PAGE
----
That seemed improbable since they took place the day of and the day after President Obama put sanctions on Russia for the election meddling. We now know from the guilty plea that, in fact, they discussed the sanctions and the suggestion seems to be, though we don't know the details of that discussion yet, that what he was doing was essentially saying, hold on. Don't retaliate. We'll take care of this once we come into office.

Now the question is, why would he lie about this? And why would you actually make promises to a foreign government before you are in office? The right answer would have been, we hear your concerns, Mr. Ambassador, and we're happy to take it up with you at 12:30 p.m. on January 20th, but we can't until that time.

And so now the question is, who else knows, and as we reported in the "Times" today, my colleagues reported that, in fact, there were many others who were consulted about these interactions with Ambassador Kislyak.

ZAKARIA: And as you said, you know, why does everybody keep lying about this if it's all very harmless?

Julia, again, big picture. Remind us, why is it that the Trump administration seems to have been trying to be nice to the Russians? Isn't that sort of -- the question is, all these moves seem to be moves to tell the Russians, you know, hold off, we're going to try and relax sanctions on you, we're going to try and have a different relationship with you. And presumably, at least, many people have said, this is all because Trump was in some way being assisted by the Russians. Is that -- we don't have any proof yet on that first piece of the story.

JULIA IOFFE, STAFF WRITER, THE ATLANTIC: That's right. I think that is the -- however, you know, $100 million question, $64,000 question. That is the question. And there is still a lot we don't know. We know why the Russians were reaching out to the Trump campaign repeatedly and in many different ways, which is also very classic, right? You have lots of different kind of efforts going out, lots of tentacles reaching toward the Trump campaign, which is totally understandable because you had Trump talking about how he wanted to respect Russia and get along with Russia, how he thought Putin was a great and strong leader.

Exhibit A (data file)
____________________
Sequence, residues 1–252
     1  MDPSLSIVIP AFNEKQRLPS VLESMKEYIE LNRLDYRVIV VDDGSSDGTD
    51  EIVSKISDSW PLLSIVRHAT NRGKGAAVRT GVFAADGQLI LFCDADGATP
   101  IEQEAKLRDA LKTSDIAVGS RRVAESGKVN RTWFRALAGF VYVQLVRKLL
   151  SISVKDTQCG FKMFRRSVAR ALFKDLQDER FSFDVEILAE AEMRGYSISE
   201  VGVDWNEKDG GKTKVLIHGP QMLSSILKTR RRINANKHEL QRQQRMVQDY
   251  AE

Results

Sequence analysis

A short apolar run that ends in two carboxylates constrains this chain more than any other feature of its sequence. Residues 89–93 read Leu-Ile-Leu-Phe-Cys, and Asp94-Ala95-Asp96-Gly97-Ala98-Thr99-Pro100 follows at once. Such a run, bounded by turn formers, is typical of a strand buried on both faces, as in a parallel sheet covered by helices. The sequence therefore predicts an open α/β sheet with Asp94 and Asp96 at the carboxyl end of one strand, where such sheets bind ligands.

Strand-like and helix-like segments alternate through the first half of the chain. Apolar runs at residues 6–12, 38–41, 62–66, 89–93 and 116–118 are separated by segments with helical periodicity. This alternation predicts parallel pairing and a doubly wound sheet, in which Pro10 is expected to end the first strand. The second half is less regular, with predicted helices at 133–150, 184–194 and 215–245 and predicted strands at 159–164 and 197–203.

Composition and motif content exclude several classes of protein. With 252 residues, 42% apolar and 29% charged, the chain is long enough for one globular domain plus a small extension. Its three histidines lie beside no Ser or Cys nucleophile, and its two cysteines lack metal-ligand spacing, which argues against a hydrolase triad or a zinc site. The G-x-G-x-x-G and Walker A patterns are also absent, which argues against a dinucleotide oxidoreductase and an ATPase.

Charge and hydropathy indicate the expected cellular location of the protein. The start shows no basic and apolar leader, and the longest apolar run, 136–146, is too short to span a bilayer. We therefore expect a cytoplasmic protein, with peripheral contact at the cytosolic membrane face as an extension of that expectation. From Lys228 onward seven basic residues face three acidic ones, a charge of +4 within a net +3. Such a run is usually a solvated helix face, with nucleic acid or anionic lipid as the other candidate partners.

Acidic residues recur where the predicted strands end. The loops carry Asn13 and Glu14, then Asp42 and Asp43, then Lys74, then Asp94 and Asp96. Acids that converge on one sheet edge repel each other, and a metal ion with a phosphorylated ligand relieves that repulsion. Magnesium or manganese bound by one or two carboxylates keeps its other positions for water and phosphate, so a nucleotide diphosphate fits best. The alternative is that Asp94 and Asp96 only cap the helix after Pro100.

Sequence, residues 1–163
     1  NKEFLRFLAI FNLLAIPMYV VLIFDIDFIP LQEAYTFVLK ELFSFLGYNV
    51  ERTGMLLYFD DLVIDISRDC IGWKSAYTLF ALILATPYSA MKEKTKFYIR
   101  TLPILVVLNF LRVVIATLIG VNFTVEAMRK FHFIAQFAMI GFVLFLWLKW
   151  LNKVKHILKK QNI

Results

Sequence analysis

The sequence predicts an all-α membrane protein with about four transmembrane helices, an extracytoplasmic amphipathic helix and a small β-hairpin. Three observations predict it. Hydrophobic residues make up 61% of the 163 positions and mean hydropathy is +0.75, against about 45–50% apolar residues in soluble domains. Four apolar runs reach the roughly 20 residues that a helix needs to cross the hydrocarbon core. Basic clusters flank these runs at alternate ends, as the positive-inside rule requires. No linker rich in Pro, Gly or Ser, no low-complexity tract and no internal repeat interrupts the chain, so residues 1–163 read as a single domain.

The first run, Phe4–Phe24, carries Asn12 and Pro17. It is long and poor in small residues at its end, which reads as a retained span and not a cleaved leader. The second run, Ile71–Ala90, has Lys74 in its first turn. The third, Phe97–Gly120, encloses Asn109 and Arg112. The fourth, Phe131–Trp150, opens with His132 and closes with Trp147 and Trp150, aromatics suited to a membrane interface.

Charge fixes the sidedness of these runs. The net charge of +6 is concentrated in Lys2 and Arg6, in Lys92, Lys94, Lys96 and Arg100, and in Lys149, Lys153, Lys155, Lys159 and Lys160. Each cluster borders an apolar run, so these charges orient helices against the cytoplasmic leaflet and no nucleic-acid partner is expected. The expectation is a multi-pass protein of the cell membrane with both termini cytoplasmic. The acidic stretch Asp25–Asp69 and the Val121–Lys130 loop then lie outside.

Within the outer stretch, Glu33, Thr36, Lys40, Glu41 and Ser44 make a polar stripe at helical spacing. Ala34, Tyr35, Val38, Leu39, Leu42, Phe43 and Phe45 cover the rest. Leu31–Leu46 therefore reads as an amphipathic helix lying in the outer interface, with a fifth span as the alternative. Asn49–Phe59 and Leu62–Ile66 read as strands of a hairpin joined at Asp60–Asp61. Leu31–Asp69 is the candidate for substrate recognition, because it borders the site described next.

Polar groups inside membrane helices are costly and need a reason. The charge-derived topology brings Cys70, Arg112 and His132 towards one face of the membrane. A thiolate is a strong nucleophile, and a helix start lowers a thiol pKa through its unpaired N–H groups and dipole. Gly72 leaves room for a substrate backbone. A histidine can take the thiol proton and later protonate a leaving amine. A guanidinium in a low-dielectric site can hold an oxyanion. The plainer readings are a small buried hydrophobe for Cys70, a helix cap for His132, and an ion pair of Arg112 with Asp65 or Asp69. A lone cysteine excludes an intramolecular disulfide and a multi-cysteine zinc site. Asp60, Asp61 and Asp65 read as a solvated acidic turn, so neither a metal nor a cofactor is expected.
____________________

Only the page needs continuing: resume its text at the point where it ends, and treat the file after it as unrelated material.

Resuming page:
That he wanted to pull the U.S. back off the world stage, which is great for Russia because Russia wants to expand its presence on the world stage. So the more of a vacuum the U.S. creates for it in places like the Middle East, the better. So it's -- it's understandable why the Russians were reaching out.

The question we don't know the answer to yet is why the Trump campaign seems so eager to -- or the Trump transition team seems so eager to reach back out.

[10:10:06] What were the Russians offering to them? And, you know, other things we have no explanation for yet is, why Jared Kushner, for example, was asking the Russian ambassador to set up a secret secure channel from the Russian embassy in Washington to Moscow? And it was the Russian ambassador that said no, you know, these are -- our equipment is a little too sensitive.

ZAKARIA: What is your reaction to the Flynn business?

IAN BREMMER, PRESIDENT, EURASIA GROUP: Well, first of all, we know one reason why the Trump administration -- the Trump campaign, was so interested in trying to work with the Russians. That's because Paul Manafort, who was running the campaign was actually on the payroll of the oligarchs close to the Kremlin. Leaving that aside, I think Jared is in real trouble here because at the time that these conversations were happening between Flynn and the Russian ambassador, Jared was in charge of foreign policy for the Trump administration -- for the Trump team.